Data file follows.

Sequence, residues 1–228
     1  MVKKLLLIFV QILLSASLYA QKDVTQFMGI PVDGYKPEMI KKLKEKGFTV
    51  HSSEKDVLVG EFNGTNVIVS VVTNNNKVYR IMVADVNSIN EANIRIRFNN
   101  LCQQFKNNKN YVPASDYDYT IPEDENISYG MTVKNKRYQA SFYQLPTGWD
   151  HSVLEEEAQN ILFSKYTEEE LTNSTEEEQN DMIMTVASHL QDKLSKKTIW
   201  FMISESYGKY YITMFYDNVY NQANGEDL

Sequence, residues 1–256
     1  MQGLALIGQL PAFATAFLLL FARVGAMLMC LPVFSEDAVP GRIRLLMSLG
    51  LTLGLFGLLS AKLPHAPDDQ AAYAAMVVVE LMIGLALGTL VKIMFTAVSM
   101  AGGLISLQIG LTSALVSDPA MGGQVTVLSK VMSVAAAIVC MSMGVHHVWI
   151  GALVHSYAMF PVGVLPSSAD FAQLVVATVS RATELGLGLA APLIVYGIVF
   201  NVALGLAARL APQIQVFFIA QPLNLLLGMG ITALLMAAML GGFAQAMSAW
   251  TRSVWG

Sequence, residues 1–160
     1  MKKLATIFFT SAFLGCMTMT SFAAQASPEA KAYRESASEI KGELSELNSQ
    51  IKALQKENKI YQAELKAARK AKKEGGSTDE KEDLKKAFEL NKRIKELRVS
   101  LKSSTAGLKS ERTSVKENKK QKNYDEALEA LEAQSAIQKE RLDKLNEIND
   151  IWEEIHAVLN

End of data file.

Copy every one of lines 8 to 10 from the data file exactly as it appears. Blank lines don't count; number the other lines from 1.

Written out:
     1  MQGLALIGQL PAFATAFLLL FARVGAMLMC LPVFSEDAVP GRIRLLMSLG
    51  LTLGLFGLLS AKLPHAPDDQ AAYAAMVVVE LMIGLALGTL VKIMFTAVSM
   101  AGGLISLQIG LTSALVSDPA MGGQVTVLSK VMSVAAAIVC MSMGVHHVWI